A start up called Algiknit is experimenting with creating textiles made from sustainable materials. Their co-founder, fashion design graduate Aleksandra Gosiewski, told Creative Bloq that fashion is one of the most polluting industries in the world. Alginit's goal is to limit the waste created by textile production.
The company is taking kelp and turning it into "bioyarn" that can be woven together to make products. Use of the biodegradable yard could potentially reduce microplastic pollution and reduce landfill waste made from fabrics that don't easily degrade, like polyester.
The Alginknit has already been used to make a shoe, called AlgiKicks. What's amazing about the material is that it is still durable—it won't degrade on your foot. The textile can be easily broken down by microorganisms when you're done with it, but not before.
“When it’s worn out, or you don’t want it, it can be broken down by microorganism and the nutrients reclaimed to feed the next generation of product,” says Gosiewski. “I envision a future where the materials we use can be transformed to feed the next generation of products."
And the makers have been experimenting with natural dies to color the product, in an effort to make every aspect of its production sustainable.
“If clothing is going to continue to be disposable, why not make it disposable in a way that makes sense – that actually benefits the earth? In way that has a positive impact instead of a negative impact? It takes longer to create a mind shift, so why not first create an alternative that already fits into the same mindset?” she says. “This is a first step to something else.”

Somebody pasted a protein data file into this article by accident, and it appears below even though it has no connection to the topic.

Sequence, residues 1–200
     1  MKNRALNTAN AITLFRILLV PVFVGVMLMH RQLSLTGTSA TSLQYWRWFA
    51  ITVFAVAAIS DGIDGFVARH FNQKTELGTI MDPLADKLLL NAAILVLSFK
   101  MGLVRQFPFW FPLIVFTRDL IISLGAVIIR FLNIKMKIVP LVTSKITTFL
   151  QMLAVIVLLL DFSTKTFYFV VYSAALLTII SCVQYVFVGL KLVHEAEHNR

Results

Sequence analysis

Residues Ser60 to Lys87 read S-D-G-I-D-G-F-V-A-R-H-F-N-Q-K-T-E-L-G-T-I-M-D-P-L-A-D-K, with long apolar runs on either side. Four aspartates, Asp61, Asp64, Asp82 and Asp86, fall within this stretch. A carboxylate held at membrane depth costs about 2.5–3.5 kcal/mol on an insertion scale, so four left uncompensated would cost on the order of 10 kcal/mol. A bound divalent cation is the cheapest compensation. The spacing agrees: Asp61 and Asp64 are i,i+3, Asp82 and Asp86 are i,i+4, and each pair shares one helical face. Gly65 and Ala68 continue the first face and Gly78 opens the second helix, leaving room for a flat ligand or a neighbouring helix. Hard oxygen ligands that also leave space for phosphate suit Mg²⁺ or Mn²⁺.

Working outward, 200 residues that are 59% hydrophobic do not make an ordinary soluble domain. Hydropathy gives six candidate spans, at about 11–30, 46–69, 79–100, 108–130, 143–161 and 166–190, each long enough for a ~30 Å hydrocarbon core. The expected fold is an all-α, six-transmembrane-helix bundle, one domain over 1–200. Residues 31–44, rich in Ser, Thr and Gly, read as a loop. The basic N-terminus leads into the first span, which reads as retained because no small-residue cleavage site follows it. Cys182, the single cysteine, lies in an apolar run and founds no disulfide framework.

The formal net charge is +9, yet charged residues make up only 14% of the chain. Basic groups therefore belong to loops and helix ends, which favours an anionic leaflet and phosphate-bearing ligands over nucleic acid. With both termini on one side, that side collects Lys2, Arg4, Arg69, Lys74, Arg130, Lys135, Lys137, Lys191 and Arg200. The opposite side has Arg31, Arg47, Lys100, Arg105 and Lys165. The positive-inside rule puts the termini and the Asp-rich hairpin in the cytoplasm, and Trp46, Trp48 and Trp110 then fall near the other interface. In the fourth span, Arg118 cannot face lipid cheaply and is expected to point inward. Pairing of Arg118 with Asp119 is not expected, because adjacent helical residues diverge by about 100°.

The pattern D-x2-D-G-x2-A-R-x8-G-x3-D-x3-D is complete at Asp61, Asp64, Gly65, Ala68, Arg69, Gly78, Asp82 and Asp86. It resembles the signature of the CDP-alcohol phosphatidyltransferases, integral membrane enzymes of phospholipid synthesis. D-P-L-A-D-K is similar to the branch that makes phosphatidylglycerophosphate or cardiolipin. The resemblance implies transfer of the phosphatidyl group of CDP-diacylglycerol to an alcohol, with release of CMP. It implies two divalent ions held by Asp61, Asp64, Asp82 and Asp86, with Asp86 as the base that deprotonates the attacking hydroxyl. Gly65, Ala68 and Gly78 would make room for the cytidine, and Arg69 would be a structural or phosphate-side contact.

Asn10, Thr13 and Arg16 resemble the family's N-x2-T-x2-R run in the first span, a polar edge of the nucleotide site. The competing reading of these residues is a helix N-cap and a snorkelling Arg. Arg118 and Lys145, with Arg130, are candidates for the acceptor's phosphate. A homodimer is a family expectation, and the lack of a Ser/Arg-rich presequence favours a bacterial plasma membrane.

Gosiewski got into that mindset when her team won an art and design competition called Biodesign Challenge for their work on Algknit. She hopes they'll soon be winning over bigger companies who can use the material. Or even just passionate knitters.
She also thinks people just need to stop comparing bioyarn and other more environmentally friendly material to synthetics. They're a completely different thing.
"Really it’s its own category: it’s something different," says Gosiewski. "It has natural stretch and flexibility, and when you’re knitting you can really control the amount of material you use.”
The team wants to see what other people will do with the bioyarn and are excited about the possibilities when everyone puts their heads together to imagine a more sustainable world.
More From Green Matters
The world of plant-based “meats” is always growing — and Impossible Foods is adding steak to their menu.
The Oceans are warming at an even faster rate than the United Nations guessed they would just five years ago.
Everyone needs a handy-dandy stain removal chart, whether you’re living a zero-waste lifestyle or not.
Spain is hoping to influence other businesses in their country by embracing renewable energy at their state-owned luxury hotels.